When I was little we had two apple trees in the back yard, one large tree that produced an abundance of small tart apples with a hint of beautiful sweetness every other year and a small tree that produced one or two of what my brother and I called "blood apples" (I think they were actually Pink Pearl apples) once every few years. Every year my step-mother, my father, my brother, and I would do canning in the fall. We would can everything - from apricots to apples, jams and jellies, and even vegetables. I restarted that tradition a few years ago.
I wanted something different to do for the holidays than spending a bunch of money on gifts that may or may not be enjoyed even if they were appreciated and barely getting any holiday baking done because I was spending so much time stressing over finances and scouring stores for "the perfect gift." So I decided to bake my family's traditional holiday goodies, do a few batches of homemade jam and lemon curd, and put together gift baskets for everyone who would have otherwise gotten a store bought gift. It turned out fantastically... well, until I shipped a few of them, and a few people got gift boxes that looked as if they had been dragged behind the mail truck. But overall the experiment was a success, and not only have I kept to it ever since, but I've expanded on it.
Every year I bake the basic holiday cookies my family has made since I was little, plus at least one new biscuit (or fudge or both). For friends and family that I can hand deliver my gift baskets to I also make a batch of lemon curd (and sometimes a spiced orange curd). And then for every gift basket I do one or two jams, vegetarian mincemeat, perhaps a jelly, and of course, at least one type of apple sauce. In the past couple of years, my father and I get together to make the apple sauce and we've expanded the gift list so that it covers those my dad would also like to include in the winter giving (I would say holiday giving but last year I didn't even send out the baskets until January, so... there is that).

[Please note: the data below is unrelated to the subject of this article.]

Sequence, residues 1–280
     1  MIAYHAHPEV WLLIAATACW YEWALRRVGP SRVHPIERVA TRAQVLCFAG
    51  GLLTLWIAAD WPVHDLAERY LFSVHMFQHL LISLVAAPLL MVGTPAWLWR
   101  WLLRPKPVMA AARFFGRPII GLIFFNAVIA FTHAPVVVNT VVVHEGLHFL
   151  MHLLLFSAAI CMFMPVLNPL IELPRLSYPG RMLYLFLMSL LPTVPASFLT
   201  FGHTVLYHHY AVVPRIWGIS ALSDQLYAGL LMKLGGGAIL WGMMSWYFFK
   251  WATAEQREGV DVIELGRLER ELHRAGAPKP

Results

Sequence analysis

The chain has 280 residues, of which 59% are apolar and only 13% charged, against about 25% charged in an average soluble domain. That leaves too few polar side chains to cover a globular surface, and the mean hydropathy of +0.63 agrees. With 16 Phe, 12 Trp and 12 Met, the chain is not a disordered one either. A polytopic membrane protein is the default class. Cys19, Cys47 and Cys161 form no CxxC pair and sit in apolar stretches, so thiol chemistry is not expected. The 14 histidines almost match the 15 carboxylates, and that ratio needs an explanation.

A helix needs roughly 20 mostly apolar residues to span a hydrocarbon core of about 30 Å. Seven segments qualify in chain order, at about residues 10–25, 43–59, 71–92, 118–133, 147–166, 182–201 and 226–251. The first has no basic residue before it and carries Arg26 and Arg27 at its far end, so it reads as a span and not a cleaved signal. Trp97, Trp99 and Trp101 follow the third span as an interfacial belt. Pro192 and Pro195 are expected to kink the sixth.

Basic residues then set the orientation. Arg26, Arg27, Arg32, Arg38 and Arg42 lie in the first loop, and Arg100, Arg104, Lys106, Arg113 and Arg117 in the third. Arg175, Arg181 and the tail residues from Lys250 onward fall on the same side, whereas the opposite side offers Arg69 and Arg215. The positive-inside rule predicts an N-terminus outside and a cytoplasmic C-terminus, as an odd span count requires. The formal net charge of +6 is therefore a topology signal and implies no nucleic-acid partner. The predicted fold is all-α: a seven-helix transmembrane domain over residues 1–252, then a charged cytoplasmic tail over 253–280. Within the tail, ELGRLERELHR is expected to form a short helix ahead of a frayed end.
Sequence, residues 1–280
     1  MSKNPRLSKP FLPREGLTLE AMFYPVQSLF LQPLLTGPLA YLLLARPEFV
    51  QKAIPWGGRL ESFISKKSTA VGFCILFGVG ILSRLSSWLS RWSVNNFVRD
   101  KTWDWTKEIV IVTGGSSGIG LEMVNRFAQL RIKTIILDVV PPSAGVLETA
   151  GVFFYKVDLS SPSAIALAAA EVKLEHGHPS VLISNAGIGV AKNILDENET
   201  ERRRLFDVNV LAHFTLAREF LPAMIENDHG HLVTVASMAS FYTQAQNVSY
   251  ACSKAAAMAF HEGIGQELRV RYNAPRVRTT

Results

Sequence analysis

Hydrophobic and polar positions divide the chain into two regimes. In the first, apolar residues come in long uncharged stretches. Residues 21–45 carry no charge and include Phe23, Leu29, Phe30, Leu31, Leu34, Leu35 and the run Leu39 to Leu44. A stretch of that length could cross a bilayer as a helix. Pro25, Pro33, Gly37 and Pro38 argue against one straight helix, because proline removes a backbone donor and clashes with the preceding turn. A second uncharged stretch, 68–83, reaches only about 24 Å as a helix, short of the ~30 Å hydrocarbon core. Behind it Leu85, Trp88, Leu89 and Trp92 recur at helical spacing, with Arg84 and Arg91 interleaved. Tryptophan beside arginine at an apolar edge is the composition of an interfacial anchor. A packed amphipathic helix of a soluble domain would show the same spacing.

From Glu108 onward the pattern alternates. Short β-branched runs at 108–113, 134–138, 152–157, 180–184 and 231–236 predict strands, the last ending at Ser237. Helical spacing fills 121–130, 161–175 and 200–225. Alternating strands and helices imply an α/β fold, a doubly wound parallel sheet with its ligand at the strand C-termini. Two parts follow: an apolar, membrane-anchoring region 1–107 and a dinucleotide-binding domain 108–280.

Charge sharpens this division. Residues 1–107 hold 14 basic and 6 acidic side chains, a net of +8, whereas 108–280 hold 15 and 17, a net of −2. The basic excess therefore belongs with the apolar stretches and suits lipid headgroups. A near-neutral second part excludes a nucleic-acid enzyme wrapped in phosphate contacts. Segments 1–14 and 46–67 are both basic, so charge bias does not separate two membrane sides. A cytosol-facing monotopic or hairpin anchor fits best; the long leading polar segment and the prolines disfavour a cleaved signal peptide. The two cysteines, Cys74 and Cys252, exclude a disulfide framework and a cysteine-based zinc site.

This year, to curb the amount of money I spend all at once on ingredients, I started my canning in the summer. While the fruit were in season, I would go to the farmers markets and buy a few pounds here and there, go home to wash and cut (if necessary) everything, then pop the prepared fruit into the freezer until I had enough to make a full batch of jam. The apricots I batch canned. And I've done a summer berry jam, and will be doing a cherry compote made with 4 or 5 types of cherries - all organic and fresh from the local farmers market. I have yet to do the apple sauce, and I'll admit that I'm a bit worried I won't be able to get that done this year (it's possible my father already has... I hope). After all, I did just start a new internship and besides being away from my own kitchen for weeks on end, I work almost 14 hours days during the week leaving my weekends for housework and chores and not a whole lot of time for baking or canning.
But today I did make apple coffee cake. While that isn't going to be a part of the winter gift baskets, it was nice to be able to spend a bit of time in the kitchen. Very calming.
And so ends my day's thoughts on apples. That was a bit rambling... and I'll have to come back and let you know if the white bean and apple coffee cake turned out well. Until next time! 💚